Reply
  3. Sergio Beer

    Well, actually, the recent shellings of the Donetsk Water Filtration Plant were almost exclusively the work of the combined Russian-separatist forces. The Ukrainian side has no reason to shell it when we consider the fact that the station gives running water to the town of Avdiyivka, critically important for Kyiv. On the other side, there are many well documented cases when the combined Russian-separatist forces shelled territories they have currently captured. Their reason is simple: to put the blame on Kyiv side while shelling peaceful residents or objects serving those residents which are, in fact, Ukrainian not “theirs.” They understand perfectly well the temporary nature of their occupation of the parts of the Ukrainian territory and want to make the maximum damage to that territory, its infrastructure, including water treatment plants, and its residents.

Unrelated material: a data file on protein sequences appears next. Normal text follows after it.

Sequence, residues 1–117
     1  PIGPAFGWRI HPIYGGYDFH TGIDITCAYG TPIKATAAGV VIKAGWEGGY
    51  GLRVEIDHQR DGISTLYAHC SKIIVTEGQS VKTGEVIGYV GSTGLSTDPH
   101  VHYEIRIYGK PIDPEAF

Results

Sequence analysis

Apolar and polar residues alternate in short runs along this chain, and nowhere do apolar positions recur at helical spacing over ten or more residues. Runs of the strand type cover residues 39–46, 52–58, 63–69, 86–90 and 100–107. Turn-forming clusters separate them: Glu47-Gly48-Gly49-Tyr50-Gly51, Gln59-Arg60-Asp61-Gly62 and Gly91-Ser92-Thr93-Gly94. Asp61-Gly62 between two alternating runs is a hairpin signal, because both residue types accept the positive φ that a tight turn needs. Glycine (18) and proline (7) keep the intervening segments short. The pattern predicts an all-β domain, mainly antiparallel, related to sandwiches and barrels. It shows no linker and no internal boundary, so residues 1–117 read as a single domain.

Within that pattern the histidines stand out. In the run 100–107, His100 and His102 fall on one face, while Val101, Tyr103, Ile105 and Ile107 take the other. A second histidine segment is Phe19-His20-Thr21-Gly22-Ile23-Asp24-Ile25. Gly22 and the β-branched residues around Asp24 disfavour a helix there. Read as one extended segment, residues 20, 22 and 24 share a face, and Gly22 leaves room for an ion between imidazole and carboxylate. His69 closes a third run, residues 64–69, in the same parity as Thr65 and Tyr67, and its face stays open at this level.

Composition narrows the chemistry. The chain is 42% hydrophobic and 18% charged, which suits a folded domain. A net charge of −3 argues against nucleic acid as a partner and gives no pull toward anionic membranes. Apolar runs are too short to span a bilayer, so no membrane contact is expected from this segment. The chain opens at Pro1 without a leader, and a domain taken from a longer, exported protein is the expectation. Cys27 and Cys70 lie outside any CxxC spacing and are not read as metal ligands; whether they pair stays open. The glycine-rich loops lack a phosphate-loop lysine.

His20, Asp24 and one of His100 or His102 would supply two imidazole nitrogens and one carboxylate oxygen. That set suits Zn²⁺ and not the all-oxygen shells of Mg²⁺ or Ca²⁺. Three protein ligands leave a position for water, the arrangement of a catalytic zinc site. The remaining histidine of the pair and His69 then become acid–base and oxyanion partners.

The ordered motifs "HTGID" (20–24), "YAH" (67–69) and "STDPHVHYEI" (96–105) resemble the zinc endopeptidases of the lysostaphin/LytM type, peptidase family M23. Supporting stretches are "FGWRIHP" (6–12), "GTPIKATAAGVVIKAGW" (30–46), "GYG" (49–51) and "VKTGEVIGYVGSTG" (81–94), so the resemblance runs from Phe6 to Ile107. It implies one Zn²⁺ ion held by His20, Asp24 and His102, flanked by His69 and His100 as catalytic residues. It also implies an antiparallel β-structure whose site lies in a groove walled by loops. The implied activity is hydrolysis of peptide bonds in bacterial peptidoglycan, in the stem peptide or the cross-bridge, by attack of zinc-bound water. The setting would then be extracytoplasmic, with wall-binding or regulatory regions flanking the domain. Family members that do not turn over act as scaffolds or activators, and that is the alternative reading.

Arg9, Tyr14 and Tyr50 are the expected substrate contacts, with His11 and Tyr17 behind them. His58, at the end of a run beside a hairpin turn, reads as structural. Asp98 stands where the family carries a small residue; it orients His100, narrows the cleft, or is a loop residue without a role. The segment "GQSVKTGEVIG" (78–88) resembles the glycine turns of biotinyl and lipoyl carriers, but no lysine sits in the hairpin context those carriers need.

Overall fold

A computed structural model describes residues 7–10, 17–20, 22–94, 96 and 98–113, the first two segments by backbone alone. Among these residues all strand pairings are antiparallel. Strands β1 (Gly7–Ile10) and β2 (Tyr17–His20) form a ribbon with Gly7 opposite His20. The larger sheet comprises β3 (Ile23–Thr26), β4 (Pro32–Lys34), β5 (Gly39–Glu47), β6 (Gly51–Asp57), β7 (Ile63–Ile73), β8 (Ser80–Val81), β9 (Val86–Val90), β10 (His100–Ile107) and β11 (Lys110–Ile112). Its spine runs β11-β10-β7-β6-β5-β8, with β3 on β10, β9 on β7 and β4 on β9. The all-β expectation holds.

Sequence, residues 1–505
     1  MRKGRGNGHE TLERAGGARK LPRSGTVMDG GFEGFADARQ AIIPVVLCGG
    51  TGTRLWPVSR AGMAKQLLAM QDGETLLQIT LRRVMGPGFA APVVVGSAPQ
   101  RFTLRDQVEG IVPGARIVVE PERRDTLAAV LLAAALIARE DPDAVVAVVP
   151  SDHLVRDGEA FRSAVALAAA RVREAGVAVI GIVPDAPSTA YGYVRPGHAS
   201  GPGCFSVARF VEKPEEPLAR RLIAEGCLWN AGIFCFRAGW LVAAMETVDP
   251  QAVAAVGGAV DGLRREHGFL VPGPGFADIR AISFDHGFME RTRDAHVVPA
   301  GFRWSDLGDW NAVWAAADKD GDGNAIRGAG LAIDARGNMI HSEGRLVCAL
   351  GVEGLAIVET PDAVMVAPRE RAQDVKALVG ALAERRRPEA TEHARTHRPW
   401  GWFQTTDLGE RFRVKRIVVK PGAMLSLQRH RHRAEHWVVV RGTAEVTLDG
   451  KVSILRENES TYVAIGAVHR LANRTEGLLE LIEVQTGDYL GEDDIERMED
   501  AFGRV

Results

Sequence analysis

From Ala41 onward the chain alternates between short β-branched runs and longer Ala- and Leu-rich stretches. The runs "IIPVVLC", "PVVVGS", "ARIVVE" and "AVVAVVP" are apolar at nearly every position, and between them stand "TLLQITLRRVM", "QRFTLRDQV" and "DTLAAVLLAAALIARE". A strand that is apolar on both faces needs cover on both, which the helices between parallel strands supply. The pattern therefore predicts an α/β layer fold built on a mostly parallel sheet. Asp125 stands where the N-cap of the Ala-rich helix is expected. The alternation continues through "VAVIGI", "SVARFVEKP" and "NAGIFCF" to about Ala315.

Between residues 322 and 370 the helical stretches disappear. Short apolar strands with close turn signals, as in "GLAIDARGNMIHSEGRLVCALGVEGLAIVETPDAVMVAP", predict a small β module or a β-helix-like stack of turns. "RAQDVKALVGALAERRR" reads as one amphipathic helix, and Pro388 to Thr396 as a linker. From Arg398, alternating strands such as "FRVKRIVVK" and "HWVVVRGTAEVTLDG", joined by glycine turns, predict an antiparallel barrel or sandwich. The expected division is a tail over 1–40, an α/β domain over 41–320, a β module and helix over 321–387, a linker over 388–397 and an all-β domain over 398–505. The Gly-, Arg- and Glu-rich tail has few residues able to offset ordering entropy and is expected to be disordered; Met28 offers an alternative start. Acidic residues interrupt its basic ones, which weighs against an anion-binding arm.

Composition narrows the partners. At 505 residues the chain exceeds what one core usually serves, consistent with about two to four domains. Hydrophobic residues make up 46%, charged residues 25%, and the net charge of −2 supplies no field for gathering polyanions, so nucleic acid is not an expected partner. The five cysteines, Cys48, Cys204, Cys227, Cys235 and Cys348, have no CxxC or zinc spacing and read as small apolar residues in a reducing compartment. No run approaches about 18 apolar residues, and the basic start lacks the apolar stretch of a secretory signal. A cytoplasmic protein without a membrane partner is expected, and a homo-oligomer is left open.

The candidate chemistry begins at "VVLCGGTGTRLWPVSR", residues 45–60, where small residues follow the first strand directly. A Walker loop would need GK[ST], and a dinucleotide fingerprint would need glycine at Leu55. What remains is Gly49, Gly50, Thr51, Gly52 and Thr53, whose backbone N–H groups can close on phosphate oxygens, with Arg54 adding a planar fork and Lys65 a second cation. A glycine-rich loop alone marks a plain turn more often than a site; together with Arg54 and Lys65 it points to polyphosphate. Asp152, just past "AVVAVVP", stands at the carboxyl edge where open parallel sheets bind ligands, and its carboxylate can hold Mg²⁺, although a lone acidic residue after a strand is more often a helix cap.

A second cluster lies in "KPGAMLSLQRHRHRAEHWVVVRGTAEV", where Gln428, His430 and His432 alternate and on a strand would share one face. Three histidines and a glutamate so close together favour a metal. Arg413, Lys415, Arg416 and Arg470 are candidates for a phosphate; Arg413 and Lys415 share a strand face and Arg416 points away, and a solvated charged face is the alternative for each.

And, the “advances” made by the Kyiv side are directly prescribed by the Minsk agreements — which have strictly established the contact line that had been later violated by the combined Russian-separatist forces, so now the Ukrainian troops just have to make up for that violation.

    Reply
    • Cody Johnson Jr

      The Ukrainians have every reason to disrupt the water supply for the major rebel city of Donetsk.

      They don’t give a damn about the locals in Avdeevka as shown by they way they use them as human shields.

      Reply
    • stranger

      Kiev wouldn’t give a damn to the people Avdeevka. That’s why they keep heavy weapon in Avdeevka and fire from Avdeevka to the city of Donetsk. For Kiev those are trouble separatists areas where the new Ukrainian “values” are not honered. Kiev just wants to get the control over thouse areas and use the war as a leverage to beg for endless financial help to Ukraine, otherwise Ukraine would just sink in debts and default.